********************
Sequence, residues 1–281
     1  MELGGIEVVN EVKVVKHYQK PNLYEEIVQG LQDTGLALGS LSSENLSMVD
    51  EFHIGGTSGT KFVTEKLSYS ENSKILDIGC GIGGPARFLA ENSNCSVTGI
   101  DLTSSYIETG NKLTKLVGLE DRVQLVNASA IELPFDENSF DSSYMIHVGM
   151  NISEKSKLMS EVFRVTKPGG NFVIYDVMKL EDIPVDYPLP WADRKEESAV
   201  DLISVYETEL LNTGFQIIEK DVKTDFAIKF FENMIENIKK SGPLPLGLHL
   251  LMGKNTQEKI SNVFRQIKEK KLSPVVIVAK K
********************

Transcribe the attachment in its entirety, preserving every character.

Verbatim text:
Sequence, residues 1–281
     1  MELGGIEVVN EVKVVKHYQK PNLYEEIVQG LQDTGLALGS LSSENLSMVD
    51  EFHIGGTSGT KFVTEKLSYS ENSKILDIGC GIGGPARFLA ENSNCSVTGI
   101  DLTSSYIETG NKLTKLVGLE DRVQLVNASA IELPFDENSF DSSYMIHVGM
   151  NISEKSKLMS EVFRVTKPGG NFVIYDVMKL EDIPVDYPLP WADRKEESAV
   201  DLISVYETEL LNTGFQIIEK DVKTDFAIKF FENMIENIKK SGPLPLGLHL
   251  LMGKNTQEKI SNVFRQIKEK KLSPVVIVAK K